Cake
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    • When you put enough clicks on the body odometer, you are bound to accumulate many psuedo-cultural underpinnings based on memories.

      I am young enough to not have been apart of voting during the Cold War that began in the late 1940's and really tapered off in the late 80's. As I remember it as a young guy, Gorbachev seemed to be a political moderate opening the door to communicating with Western ideology. For the next 20 years it seems that between a pretty bullish economy and the radical cocaine wealth that permeated just about everywhere, the Cold War no longer had the individual sense of ownership and paranoia if you met someone from China or Russia or other Eastern Bloc countries.

      Sooooo....I was surprised to read how this new movie The MEG with Jason Stathom as the blockbuster anchor was actually doing pretty good at the box office despite the obvious expectations of bad dialogue and acting.

      About 10 minutes into the movie it dawned on me that basically this is a huge cultural product placement for China with a sexy chinese woman attracted to Jason's character, the woman's brat-dorable young daughter and understandably the chinese text graphics and logostuff for the underwater research station. And, then, I started getting a little nervous.

      My reference was to be aligned with seeing the movie JAWS as a teenager and seeing it multiple times on television. JAWS was as American as hot dogs and baseball.

      So, now I am feeling conflicted because this movie is obviously some sort of homage x1000 to Jaws and then you start to wonder if this is bigger than product placement and more about a subversive "moviement" that China can buy into the oblivious minds of the average pretty clueless American.

      It would almost be like Jackie Chan in his 1st Rush Hour movie if he tried to deliver Clint Eastwood's "make my day" line. Nothing against the Chinese personally but with all the chaos the White House is generating, it definitely seems like there is some version of a Cold War v4.5 that now includes Russia, China, Saudi Arabia and Israel brewing and I am somewhat concerned. China definitely has the financial resources and human capabilities to really be the #1 superpower and without any real scrutiny of their human rights violations, I sense they could put a "call" on all the money they have loaned the USA and basically put us out of business.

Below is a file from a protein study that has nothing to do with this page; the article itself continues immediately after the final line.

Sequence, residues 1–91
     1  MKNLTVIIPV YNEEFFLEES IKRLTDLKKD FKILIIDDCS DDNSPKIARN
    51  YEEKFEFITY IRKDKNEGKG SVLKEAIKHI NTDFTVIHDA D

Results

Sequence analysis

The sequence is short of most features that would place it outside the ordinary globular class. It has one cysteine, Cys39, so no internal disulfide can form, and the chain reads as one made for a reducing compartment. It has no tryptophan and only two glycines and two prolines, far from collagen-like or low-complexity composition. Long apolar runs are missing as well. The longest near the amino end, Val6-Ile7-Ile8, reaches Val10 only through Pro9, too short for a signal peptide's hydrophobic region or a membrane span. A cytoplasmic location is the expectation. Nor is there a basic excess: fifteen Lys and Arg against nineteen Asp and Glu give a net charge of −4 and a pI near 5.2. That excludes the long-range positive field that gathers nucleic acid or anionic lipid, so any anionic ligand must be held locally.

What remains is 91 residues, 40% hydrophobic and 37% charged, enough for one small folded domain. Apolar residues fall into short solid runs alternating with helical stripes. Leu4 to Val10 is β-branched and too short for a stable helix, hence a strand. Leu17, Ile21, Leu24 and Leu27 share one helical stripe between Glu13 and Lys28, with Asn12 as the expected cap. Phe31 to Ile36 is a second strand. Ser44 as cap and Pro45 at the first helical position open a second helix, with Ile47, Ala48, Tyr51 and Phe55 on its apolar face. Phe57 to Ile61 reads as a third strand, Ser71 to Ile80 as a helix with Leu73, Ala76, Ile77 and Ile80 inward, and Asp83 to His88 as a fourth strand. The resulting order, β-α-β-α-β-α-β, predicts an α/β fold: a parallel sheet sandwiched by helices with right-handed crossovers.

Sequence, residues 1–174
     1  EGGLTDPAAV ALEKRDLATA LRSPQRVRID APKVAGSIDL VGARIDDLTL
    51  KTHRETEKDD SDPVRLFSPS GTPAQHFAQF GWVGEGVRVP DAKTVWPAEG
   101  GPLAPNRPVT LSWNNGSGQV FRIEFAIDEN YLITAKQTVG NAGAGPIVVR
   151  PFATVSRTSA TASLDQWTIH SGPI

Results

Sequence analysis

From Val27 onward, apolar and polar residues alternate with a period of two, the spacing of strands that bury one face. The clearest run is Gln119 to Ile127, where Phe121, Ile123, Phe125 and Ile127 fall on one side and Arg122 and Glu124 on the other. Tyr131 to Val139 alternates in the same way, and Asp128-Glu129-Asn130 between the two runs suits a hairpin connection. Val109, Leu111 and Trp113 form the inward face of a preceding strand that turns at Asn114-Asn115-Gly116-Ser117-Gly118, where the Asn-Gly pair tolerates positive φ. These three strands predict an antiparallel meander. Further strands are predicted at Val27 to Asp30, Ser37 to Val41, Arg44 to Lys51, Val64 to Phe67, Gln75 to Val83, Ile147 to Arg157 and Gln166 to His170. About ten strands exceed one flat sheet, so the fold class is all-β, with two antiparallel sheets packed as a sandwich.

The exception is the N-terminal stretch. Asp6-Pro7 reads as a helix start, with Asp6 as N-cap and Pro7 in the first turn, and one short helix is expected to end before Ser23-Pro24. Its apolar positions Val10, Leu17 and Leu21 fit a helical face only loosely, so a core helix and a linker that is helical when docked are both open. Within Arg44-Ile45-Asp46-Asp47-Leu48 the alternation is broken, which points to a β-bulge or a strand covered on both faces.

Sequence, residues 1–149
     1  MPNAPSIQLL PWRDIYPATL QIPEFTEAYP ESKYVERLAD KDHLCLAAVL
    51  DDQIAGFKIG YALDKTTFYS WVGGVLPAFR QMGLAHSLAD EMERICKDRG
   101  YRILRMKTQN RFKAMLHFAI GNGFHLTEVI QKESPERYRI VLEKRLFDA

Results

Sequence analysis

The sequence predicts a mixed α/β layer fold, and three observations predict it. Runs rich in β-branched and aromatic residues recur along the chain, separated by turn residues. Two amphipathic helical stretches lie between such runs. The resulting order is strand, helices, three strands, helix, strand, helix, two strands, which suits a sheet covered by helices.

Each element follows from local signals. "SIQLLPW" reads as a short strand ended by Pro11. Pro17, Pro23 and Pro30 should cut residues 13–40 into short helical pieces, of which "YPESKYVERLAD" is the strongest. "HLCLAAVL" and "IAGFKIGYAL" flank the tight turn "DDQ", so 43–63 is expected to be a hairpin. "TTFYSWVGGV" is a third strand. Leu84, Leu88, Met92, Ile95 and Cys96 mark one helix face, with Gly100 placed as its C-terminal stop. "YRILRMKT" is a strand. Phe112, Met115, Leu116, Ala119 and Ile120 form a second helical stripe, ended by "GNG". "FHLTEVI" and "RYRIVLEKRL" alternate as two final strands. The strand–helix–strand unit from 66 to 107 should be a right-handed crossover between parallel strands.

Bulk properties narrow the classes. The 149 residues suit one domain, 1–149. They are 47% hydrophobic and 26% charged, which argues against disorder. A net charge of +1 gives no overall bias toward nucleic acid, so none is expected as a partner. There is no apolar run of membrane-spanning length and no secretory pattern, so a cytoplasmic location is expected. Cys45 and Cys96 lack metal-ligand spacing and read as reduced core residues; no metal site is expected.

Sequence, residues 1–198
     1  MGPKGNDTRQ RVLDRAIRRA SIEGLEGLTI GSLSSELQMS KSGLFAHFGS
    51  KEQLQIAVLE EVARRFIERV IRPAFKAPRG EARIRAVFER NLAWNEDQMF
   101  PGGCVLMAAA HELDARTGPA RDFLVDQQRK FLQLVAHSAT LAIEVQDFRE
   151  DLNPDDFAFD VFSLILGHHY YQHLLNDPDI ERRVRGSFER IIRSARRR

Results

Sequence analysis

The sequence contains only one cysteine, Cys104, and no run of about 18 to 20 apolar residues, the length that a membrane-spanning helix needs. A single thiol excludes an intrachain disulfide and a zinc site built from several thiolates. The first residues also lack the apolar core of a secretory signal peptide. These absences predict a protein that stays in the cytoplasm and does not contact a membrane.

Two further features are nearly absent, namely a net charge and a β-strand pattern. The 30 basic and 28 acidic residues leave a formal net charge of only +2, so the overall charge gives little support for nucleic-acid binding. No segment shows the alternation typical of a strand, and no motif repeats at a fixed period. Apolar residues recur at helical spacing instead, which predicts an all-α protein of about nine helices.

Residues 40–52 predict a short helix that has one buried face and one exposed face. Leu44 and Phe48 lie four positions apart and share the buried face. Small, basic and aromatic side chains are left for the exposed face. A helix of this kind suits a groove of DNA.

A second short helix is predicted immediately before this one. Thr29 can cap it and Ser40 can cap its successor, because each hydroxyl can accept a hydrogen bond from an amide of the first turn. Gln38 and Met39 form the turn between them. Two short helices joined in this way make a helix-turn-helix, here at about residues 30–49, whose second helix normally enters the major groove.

Yes, I got all of that by watching this movie. I better stick to the classic like the new Predator movie coming out next month. hahahahah

    • The actual explanation is slightly less nefarious. 😛

      As of this year, China is the top film market in the world. But the Chinese government only allows 34 foreign films per year to be released in Chinese cinemas. This is a big deal for Hollywood studios: some American movies have bigger box office returns in China than they do in the US, so studios want to do everything they can to make sure their biggest movies get released in China.

      Look closely at almost any big Hollywood blockbuster made in the last ten years and you'll see a lot of Chinese characters and story elements. Sometimes they're major characters, sometimes only bit parts seemingly wedged in for no reason, but in either case they tend to be played by actors who are huge in China. If you pay attention to the distributor credits at the beginning of a Hollywood blockbuster, you might also notice a title card for Alibaba Pictures or another big Chinese distributor.

      These things are all Hollywood doing their best to make sure their movies get released in China, since that could mean double the box office (or more!).

    • What's also interesting is that Star Wars bombs in China. I mean, tank-ola.

      The reason is that the original trilogy, the spark for the franchise and the source of much nostalgia, never played in China. Despite Nixon, it was still a closed-off country.

      So the sequels and tag-along movies aren't drawing from an established mythology for Chinese viewers. And apparently they're not good enough to make it on their own.

    • Hollywood is catering to eastern viewers and The Meg is just a giant movie (no pun intended) intended to appeal to both western and Chinese audiences. There's a version of Iron Man (something) where entire scenes were filmed and released for Chinese audiences only. I have no problems with movies like The Meg having international casts as long as it's related to story arc, but to just throw people in for the sake of appealing to a demographic is trite, in my opinion.

    You've been invited!